Monday, September 6, 2010
Charleston, South Carolina

Laura Hershey
Susan K. Dunn
John R. Polito

Charleston's 20th MDA Telethon Protest

by John R. Polito

Charleston's 20th anniversary of Harriet McBryde Johnson's protest of the Jerry Lewis M.D.A. telethon
Alan Snockley, Michael Morrison, Carol Dotterer, Anna Snockley,
Susan Dunn, Walter Biffle, Alison Piepmeier, Marybelle Biffle-Piepmeier,
Ron Kaz, John R. Polito. Not pictured: Jim Campbell and George Hopkins.

Jim Cambell protests at the 20th Charleston Jerry Lewis MDA telethon protestIs it coincidence that the 20th anniversary of the Americans with Disabilities Act (ADA) is also the 20th anniversary of Harriet McBryde Johnson's annual protest of the MDA's Jerry Lewis Telethon?  Although Harriet is no longer with us to ask, I don't think so.  

Thousands of physical barriers to savoring the full beauty of the city she so loved, imagine her elation in celebrating a new civil rights law that promised to fight the segregation, isolation and discrimination felt by the 43 million Americans who in 1990 lived with at least one disability. While the ADA sought to remove barriers and unite us, Harriet knew that the MDA was working overtime in erecting pity barriers that divide.

Forget for a moment the worthiness of the MDA's cause. Instead, reflect on the consequences of pity based fund-raising that gets viewers to dig deeper and give more by making them feel superior and different, by using differing muscular abilities and muscle disease to foster sorrow, pity and tears.  

Imagine painting life with muscular dystrophy as hopeless and dark unless the MDA can raise enough money to "find a cure." Imagine the indignity of someone handing you money on Labor Day simply because your means of mobility is a wheelchair. As Harriet often asked, what is the cure for stigma?  

What the MDA does not tell viewers is that thousands with muscular diseases live rich and rewarding lives, that MDA's 45 year "cure" theme isn't their objective, that for most with muscle diseases that the annual telethon has probably done more harm than good. Imagine a job interview where the interviewer's initial reaction is pity and sorrow while wondering how you've lived so long, or how long you have left.  

George Hopkins holds a sign reading 'Say No to MDA, Pity Kills, Spirit and Unity during Charleston's 20th annual protest of the Jerry Lewis MDA Labor Day telethon.MDA pity and cure solicitation doesn't just rob those with disabilities of income opportunities that each year are probably in excess of the telethon's final tote board. Imagine the loss of self esteem experienced by a young child with MD who actually starts believing the MDA's message that disability, contentment and happiness cannot coexist.  

Harriet titled her first book "Too Late to Die Young." In it she recounts the telethon's impact upon her when an MDA advertisement announced that "Little Billy's toy soldiers have lost their general." By the time she was five the MDA had her thinking of herself as a dying child. Reflecting on whether or not to start school she thought, "When I die, I might as well die a kindergartner."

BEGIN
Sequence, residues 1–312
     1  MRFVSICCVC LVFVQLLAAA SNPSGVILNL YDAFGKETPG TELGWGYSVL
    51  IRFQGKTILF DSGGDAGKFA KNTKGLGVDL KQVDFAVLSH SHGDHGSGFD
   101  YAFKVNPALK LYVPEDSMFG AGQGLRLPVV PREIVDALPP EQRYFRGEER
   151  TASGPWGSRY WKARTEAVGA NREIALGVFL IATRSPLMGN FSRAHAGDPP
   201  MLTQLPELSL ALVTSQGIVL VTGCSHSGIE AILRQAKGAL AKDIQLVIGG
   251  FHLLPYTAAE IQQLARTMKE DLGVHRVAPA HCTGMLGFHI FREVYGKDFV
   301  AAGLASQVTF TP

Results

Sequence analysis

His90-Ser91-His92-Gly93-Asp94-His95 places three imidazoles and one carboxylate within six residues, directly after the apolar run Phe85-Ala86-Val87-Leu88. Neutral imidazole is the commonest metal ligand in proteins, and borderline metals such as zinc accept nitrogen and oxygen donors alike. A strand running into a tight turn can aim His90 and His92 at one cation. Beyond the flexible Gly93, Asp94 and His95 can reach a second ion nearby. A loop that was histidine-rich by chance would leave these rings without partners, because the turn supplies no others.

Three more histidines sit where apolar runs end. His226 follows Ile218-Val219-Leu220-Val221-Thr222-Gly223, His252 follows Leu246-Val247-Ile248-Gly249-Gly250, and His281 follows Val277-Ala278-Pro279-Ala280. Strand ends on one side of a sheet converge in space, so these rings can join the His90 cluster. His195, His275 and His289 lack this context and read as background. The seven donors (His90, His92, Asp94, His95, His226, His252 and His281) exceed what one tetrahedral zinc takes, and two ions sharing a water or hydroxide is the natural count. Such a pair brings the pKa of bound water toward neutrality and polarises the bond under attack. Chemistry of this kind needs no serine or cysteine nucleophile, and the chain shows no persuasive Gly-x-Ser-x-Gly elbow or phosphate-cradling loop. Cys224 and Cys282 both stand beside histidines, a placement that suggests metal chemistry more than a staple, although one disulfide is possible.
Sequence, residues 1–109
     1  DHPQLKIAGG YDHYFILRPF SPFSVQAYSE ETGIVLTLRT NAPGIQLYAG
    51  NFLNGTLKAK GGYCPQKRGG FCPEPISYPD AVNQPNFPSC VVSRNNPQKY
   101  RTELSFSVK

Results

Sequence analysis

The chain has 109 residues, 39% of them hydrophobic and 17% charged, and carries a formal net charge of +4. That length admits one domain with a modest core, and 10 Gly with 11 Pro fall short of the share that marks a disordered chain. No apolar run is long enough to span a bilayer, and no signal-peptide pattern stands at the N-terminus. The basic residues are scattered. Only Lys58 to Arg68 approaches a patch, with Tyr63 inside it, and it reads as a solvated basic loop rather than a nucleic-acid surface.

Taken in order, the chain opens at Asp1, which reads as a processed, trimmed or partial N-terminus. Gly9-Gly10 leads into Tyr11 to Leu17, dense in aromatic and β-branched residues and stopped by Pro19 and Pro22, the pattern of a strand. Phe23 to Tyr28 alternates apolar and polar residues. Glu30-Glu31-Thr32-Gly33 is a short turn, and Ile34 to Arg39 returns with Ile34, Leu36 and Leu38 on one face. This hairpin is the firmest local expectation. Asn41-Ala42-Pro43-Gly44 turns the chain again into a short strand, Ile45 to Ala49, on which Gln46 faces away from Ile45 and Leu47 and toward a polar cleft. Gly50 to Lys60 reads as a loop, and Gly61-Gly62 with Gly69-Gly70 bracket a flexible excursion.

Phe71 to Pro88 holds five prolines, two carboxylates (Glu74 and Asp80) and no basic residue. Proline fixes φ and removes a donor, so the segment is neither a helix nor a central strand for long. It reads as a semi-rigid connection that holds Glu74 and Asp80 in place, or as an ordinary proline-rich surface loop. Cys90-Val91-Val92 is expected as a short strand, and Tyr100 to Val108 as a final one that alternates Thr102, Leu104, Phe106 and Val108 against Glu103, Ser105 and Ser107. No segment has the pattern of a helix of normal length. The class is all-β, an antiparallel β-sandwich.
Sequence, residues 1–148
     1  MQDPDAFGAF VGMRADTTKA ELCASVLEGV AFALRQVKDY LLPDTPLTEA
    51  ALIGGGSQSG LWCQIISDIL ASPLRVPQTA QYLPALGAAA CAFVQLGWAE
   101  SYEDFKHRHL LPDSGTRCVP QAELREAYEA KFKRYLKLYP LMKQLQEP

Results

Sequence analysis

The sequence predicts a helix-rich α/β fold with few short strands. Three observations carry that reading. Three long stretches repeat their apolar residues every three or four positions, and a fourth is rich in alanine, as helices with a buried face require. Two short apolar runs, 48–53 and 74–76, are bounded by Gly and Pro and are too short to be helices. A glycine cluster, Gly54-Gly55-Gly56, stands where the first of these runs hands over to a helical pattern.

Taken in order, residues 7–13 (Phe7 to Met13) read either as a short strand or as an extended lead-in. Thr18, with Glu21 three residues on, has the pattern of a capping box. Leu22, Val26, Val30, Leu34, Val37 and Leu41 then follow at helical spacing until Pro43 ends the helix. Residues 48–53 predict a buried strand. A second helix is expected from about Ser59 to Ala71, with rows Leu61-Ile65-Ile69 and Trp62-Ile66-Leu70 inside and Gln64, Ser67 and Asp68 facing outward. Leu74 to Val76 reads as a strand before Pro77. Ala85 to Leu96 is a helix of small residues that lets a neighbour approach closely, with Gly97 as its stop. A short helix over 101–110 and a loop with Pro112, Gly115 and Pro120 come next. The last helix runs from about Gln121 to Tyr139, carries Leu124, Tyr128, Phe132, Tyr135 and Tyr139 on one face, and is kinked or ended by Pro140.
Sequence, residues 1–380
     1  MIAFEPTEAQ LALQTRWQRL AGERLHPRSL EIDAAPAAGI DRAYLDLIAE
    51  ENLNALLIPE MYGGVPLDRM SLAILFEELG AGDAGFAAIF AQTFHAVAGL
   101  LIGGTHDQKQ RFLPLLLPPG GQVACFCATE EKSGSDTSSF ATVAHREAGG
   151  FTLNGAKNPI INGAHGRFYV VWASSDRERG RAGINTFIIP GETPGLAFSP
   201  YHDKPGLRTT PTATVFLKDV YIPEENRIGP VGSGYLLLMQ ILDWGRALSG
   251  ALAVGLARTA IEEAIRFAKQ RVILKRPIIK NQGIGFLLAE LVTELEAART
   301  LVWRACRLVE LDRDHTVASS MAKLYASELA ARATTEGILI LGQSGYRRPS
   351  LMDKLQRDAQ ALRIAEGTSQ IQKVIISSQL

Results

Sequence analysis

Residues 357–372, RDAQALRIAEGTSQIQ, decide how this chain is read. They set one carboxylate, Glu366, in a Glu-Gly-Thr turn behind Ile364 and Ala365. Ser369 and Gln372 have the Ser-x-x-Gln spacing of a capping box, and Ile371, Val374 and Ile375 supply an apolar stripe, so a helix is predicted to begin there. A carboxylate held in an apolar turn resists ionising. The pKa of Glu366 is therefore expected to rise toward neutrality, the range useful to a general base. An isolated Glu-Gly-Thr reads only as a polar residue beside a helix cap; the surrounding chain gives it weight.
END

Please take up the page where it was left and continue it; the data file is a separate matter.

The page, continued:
Harriet was outraged that Jerry Lewis had referred to her means of freedom and mobility, her wheelchair, as "steel imprisonments," that he'd labeled disabled kids as "mistakes" who "came out wrong" and "half persons," and his recorded comment that if "you're a cripple in a wheelchair and you don't want pity, stay in the house!"  

What the MDA seems to have missed is that if in a wheelchair, disability based stigma and discrimination have the same isolation and stopping power as a sidewalk without a curb cut, or a job interview inside a building with a stepped entrance.

Harriet McBryde Johnson at a free speech rally on September 18, 2005It's why today we again stood in protest at the intersection King and Market in downtown Charleston, South Carolina. While we didn't remove any of the single step barriers forbidding wheelchair entry into stores up and down King Street, we left knowing that today we'd opened a few minds to the unseen harms flowing from M.D.A. pity and cure marketing tactics.  

Harriet's final protest flyer suggested an alternative, that charity should be rooted in solidarity, not pity, that at some time in our lives we all need help. It isn't that we're pitiful or helpless but that we've encountered circumstances bigger than ourselves. "Why must people beg for the help they need," she wrote, "Why doesn't a caring and humane society do the hard work to meet those needs routinely?"  

"People with disabilities don't want pity," Harriet wrote. "We want what all people want. Equal rights and equal access. A bed to sleep in, in a place to call home. A way to get out of bed, go out in the world, and live a life. Freedom from prejudice and poverty and confinement in institutions. Education and work. Access to medical care and the tools to stay healthy. Integration and inclusion in the fabric of a democratic community. The help we need to give our gifts to others."  

Charleston and the disability rights movement lost a beautiful friend, mind and woman on June 3, 2008. Today, those holding protest signs stood united with Harriet in belief that a just society does not divide and isolate but seeks inclusion, integration and participation by all.

Yes, her soldiers lost their general, but they did not lose her cause.  

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Article written September 6, 2010 and page last updated December 28, 2013 by John R. Polito